Professor Jeannie Suk

At Home in the Law

Winner of the Herbert Jacob Prize, awarded by the Law and Society Association for the most outstanding law and society book published in 2009. The past few decades have witnessed a revolution in the way that law shapes the idea and reality of the home. Jeannie Suk shows how legal feminism has replaced the traditional notion of home as a man’s castle with the idea that home is a place where women are subordinated to male control and need government protection. Changes designed to protect women from domestic violence have developed into a comprehensive legal regime that treats the home as a site of potential or actual violence. The unexpected consequences of this legal reform have redistributed power among women, men, and the state.

Suk examines major developments in contemporary U.S. law pertaining to domestic violence, self-defense, privacy, sexual autonomy, and property in order to illuminate the changing relation between home and the law. Increasing state control has led to expanded definitions of what constitutes violence, mandatory arrest of those suspected of domestic violence, and obligatory criminal charges in place of prosecutorial discretion. Protection orders that prohibit all contact between suspected abusers and their partners are designed to end relationships—even over victims’ objections. The law’s rapidly changing picture of the home has fundamentally moved the boundary between public and private space. The result, unintended by domestic violence reformers, is to reduce the autonomy of women in relation to the state.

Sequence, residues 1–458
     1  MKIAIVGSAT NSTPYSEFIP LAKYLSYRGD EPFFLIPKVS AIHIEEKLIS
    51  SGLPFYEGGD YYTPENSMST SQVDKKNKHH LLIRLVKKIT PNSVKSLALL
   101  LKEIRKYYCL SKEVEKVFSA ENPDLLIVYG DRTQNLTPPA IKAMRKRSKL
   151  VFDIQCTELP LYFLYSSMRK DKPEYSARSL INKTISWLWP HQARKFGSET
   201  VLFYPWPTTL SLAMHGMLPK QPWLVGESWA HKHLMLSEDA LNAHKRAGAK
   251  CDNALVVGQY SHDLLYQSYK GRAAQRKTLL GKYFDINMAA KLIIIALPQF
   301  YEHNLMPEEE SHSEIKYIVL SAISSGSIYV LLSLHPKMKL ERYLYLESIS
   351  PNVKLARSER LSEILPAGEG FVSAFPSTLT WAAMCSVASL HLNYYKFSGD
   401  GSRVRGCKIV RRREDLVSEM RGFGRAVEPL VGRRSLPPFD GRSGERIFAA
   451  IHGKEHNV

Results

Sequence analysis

Jeannie Suk is Assistant Professor of Law at Harvard University and Senior Fellow of the Humanities Center there. She took her doctorate in literature at Oxford, where she studied as a Marshall Scholar. She received her law degree from Harvard and subsequently clerked on the United States Supreme Court. She is a 2009 Guggenheim Fellow.

“Jeannie Suk has written an exemplary book that demonstrates law’s humanity while exploring the deep link between law and the humanities. Her study of the concept of the ‘home’ in law, literature, and social theory is a remarkable contribution to our understanding of the needs and interests of human security.”—Homi K. Bhabha, Anne F. Rothenburg Professor of the Humanities, Harvard University

“A fascinating analysis of our changing conceptions of privacy, gender, and the reach of the law. Suk’s incisive analyses are expressed in engaging prose and enlivened with gripping examples. The book will be just as interesting to lay people as it is to legal scholars.”—Steven Pinker, Harvard College Professor of Psychology, Harvard University, author of How the Mind Works and The Stuff of Thought

“A deeply interesting, original, and also a troubling book. Jeannie Suk, in a persuasive analysis that calls on cultural as well as legal understanding, shows dramatically how the law has entered the home in unexpected ways.”—Peter Brooks, Andrew W. Mellon Foundation Scholar, Princeton University

“An expertly written and thought-provoking read.”—Harvard Law Review

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